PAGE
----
“Genomic medicine really needs deep learning,” these were the words of keynote speaker Brendan Frey, CEO Deep Genomics at RE-WORK’s Deep Learning in Healthcare Summit 2016.
Brendan Frey, President & CEO, Deep Genomics
Frey outlined the main issue blocking genomic medicine, the Genotype-Phenotype Gap, through a novel quotation from Eric Lander:
Bought the book.
Hard to read.”
This quotation was taken from 2004, but the gap between the ability to collect genetic data and understand it’s meaning in a reliable, scalable and trustworthy way is one that we still haven’t managed to fill.
Frey’s hope is to use deep learning to close the Genotype-phenotype Gap through superhuman artificial intelligence, for humans themselves have so far been unable to fully understand the genome.
Brendan Frey, President & CEO, Deep Genomics
Resorting to AI may sound like something from science fiction, but computer programs with superhuman abilities have become reality with Google DeepMind’s recent success in beating a professional player at the game of Go.
Professor Neil Lawrence, University of Sheffield, however, is disappointed it took so long for deep learning to crack the game of Go, particularly when computer programs were able to beat humans at Chess over 20 years ago. Lawrence described the data delusion and the current inefficiencies of deep learning in terms of the tools used.
“The tools you use shouldn’t limit the way you think”, however, was the key principle of Diogo Moitinho de Almeida, Senior Data Scientist, Enlitic, who believes we can do better and that “deep learning is awesome.”
Some of the applications of deep learning at the Summit certainly did seem awesome. Ali Parsa, CEO of Babylon Health demoed their upcoming app which asked the user a series of questions in order to determine the severity of the user’s medical symptom, in the same way as a triage nurse. Parsa hopes that deep learning can even take us one step further from sickcare to healthcare.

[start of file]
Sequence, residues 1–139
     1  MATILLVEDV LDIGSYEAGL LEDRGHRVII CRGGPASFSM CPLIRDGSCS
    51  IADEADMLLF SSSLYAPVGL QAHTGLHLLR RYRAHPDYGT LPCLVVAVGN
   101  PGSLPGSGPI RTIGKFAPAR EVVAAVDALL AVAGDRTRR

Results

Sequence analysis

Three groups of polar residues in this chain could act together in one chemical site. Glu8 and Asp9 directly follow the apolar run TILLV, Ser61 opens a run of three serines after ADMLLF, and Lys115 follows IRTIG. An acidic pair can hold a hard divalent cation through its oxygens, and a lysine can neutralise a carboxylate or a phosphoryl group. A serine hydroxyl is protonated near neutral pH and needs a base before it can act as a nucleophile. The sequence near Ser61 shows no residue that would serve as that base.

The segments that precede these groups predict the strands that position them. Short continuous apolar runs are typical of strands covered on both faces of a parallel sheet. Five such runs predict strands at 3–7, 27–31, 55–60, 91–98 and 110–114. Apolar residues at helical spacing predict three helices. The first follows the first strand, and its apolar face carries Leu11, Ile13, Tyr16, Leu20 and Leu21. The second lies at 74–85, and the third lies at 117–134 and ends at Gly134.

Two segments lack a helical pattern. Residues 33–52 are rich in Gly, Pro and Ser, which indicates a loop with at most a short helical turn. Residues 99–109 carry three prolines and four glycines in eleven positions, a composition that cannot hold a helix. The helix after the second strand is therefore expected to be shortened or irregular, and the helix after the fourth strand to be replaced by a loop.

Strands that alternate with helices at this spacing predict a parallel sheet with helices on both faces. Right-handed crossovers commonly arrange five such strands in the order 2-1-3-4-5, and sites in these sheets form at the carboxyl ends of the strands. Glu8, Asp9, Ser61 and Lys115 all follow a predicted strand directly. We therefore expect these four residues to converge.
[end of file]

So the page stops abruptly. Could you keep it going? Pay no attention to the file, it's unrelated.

The move towards a more predictive rather than reactive healthcare system was also discussed during a panel on how AI will help to enhance and personalize healthcare. Cosimo Gretton, a doctor at Guy’s and St Thomas’ NHS Foundation Trust described how predictive analytics in healthcare is a transformative approach but it will require changes to the system so that clinicians can use the algorithms successfully.
Davide Morelli, CTO, Biobeats
Gretton also described how AI can enhance the skills at each stage of the healthcare chain, from patients to healthcare professionals. Using AI to take control of our own health was also a strong theme in Davide Morelli’s talk. The CTO of Biobeats outlined the physiological response to stress in terms of the sympathetic and parasympathetic nervous systems. Morelli went on to explain how deep breathing using the diaphragm can trigger the vague nerve and thereby force the user to calm down. This deep breathing technique can now be learnt via Biobeats’ ‘Hear and Now’ app, which tracks a user’s heart rate to see if they are successfully using their diaphragm when deep breathing and gives immediate biofeedback so a user can learn on their own.